As a Christian and as a journalist, I believe that the freedom of the press should not be inhibited. More than once, I have been personally and deeply offended by something printed in a newspaper about Christianity and about Jesus Christ. But that does not mean that the freedom of the press does not deserve the highest respect in our society. Our forefathers found it to be such an important venue that they ensured its right in the First Amendment, equal to the freedom of speech, equal to the freedom of religion, equal to the right to petition the government and equally to the right to peaceably assemble. The freedom of the press is an integral part of a free society. Some of you may be thinking that we should be taking a lesson and speaking up louder for our own faith. But Christianity is not a faith of force or imposition.

If I am offended by something in a newspaper, it puts responsibility on me to write to that paper and submit my opinion. It puts responsibility on me to peacefully further my cause and my beliefs. In my case, I took it as my personal responsibility to become a journalist.

But the Muslim community that opposes these cartoons has tried to inhibit freedom of the press, freedom of speech, freedom of expression and impose their religion and their beliefs on the rest of the world. They demand the utmost respect for their Prophet. In their opinion, nothing that is in any way insulting or critical of Islam should be put in a newspaper. What a threat that is to freedom.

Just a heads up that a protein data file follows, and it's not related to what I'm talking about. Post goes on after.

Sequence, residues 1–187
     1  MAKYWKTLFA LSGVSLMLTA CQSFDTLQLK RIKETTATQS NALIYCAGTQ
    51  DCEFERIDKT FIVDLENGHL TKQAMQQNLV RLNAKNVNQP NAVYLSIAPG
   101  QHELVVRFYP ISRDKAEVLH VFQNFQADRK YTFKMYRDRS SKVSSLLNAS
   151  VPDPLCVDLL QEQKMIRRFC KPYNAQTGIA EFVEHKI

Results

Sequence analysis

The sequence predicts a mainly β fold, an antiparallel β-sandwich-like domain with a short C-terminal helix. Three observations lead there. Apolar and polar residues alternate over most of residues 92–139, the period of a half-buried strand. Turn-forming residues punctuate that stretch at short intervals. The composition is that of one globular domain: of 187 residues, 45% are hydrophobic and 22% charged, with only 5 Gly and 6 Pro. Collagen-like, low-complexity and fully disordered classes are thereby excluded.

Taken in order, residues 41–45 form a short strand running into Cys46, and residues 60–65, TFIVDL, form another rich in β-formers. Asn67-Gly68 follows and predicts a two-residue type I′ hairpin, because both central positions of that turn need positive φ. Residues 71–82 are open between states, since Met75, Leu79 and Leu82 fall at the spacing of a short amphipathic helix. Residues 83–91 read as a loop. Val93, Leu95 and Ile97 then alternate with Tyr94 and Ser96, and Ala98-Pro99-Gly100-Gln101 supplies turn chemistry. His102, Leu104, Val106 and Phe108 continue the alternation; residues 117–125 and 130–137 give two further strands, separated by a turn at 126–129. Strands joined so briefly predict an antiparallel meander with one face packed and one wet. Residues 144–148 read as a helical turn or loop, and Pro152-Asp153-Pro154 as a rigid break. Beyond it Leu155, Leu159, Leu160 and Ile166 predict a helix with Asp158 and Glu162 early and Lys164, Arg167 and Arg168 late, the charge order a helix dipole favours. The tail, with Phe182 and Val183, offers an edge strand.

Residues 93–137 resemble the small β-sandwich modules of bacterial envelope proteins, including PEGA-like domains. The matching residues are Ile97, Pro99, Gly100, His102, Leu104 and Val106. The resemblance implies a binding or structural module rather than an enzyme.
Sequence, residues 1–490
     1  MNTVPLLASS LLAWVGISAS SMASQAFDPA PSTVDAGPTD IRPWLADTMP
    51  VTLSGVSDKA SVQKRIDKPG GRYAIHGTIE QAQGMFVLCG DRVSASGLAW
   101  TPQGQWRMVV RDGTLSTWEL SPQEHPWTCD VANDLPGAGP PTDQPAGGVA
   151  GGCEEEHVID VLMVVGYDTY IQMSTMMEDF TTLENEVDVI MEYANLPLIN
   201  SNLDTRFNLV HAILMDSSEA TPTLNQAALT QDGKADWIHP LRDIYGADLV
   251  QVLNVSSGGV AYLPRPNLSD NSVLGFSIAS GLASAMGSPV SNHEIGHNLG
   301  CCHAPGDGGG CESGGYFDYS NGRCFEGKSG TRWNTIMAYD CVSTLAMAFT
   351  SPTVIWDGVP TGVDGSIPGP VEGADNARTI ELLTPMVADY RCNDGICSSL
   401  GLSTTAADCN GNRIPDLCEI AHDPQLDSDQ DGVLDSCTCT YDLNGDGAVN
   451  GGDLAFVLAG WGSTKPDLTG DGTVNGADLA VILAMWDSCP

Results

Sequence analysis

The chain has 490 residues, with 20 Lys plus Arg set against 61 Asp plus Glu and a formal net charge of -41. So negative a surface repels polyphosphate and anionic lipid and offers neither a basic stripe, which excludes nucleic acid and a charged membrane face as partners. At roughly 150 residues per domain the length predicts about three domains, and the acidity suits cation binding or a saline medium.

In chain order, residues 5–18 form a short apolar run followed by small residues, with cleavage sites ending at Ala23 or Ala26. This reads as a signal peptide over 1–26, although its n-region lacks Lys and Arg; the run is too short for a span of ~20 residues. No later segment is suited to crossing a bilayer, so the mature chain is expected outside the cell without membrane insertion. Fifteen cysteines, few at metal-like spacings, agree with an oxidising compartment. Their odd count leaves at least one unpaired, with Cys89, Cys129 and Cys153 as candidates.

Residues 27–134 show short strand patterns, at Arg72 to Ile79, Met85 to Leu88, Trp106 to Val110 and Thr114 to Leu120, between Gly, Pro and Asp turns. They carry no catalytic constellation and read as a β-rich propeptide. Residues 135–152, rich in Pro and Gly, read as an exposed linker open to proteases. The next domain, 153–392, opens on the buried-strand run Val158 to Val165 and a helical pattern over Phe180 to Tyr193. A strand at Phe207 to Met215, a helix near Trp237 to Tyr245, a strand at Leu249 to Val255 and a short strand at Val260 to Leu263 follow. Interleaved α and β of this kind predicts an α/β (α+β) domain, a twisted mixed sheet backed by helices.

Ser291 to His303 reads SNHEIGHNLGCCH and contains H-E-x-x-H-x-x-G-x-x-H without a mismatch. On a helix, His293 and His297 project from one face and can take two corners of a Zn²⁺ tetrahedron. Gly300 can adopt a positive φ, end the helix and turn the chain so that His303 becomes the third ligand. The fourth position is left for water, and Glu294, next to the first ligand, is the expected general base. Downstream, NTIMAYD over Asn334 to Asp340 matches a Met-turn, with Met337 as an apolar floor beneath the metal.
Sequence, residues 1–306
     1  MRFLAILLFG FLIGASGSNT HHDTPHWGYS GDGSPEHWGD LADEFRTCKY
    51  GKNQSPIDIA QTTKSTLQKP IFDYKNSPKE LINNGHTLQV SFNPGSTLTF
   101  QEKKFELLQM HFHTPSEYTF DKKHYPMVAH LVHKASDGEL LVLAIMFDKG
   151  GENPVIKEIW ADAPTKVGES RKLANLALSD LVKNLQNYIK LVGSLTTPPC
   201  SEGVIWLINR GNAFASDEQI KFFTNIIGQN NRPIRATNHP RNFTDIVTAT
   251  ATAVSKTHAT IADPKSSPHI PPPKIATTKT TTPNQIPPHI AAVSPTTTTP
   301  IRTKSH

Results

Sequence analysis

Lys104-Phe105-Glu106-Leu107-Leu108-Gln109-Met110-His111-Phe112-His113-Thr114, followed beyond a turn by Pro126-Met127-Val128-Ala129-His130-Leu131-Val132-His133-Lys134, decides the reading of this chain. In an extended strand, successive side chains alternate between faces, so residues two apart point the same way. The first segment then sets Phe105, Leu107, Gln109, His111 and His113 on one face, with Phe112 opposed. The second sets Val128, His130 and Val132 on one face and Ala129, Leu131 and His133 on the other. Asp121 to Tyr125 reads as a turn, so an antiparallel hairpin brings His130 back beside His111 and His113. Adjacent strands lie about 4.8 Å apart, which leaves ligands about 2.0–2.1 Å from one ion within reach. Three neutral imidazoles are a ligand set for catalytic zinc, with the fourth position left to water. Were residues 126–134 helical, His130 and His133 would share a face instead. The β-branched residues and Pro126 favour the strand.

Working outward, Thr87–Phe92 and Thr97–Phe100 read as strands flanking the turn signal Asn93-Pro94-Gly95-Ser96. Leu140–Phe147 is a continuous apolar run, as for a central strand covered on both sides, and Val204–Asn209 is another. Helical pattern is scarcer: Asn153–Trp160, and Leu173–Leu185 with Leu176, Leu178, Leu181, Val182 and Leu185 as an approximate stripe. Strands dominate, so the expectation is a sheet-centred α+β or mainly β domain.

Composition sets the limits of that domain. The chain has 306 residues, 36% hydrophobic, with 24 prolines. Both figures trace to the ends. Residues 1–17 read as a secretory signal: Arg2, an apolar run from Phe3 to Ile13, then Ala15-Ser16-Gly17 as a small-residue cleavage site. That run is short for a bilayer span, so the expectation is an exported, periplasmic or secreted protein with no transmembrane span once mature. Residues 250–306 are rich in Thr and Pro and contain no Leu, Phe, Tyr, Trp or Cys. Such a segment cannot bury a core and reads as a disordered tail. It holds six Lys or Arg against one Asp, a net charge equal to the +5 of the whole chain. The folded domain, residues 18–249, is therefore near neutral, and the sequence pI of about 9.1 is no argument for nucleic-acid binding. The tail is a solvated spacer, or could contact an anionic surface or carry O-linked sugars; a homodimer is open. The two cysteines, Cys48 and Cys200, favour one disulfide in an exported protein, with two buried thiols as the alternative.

The only thing that has astonished me more than the arrogant demands of the Muslim community over this matter is how quickly the rest of the world has bowed to those demands. The editor of the paper that originally published the cartoons, the Jyllands-Posten, apologized for the cartoons. According to Wikipedia, most heads of state made comments that generally supported freedom of speech but “regretted” the cartoons, as Canadian Prime Minister Steven Harper said. Others claimed that the press needed to exercise more “tolerance” and “respect,” such as French leaders insisted, according to BBC News. U.S. Department of State spokesman Kurtis Cooper said that although there is freedom of the press, it needs to be “coupled with press responsibility. Inciting religious or ethnic hatreds in this manner is not acceptable,” as quoted in ABC News. Surprisingly, the European Union was the press’ strongest supporter in this matter.

It seems that the majority of countries have become hypersensitive to Islam and willing to limit, at least in part, the freedom of the press to appease Islamic beliefs. And maybe these newspapers and governments are doing this out of fear. Maybe they’re doing it in an effort to stop rioting and death threats. But if that is why they are doing it, they are bowing to terrorism. The very definition of terrorism is to use fear for coercion. We cannot be afraid to criticize any government or any religion. We cannot be afraid of what we print in our newspapers. To do so would negate the liberties that we enjoy in this country and in others. But if those governments truly wish to build a stronger relationship with the Muslim community, or have a deeper understanding for Islam, let them do so, but not at the expense of freedom of the press.

Contact Alicia Wotring at aawotring@liberty.edu.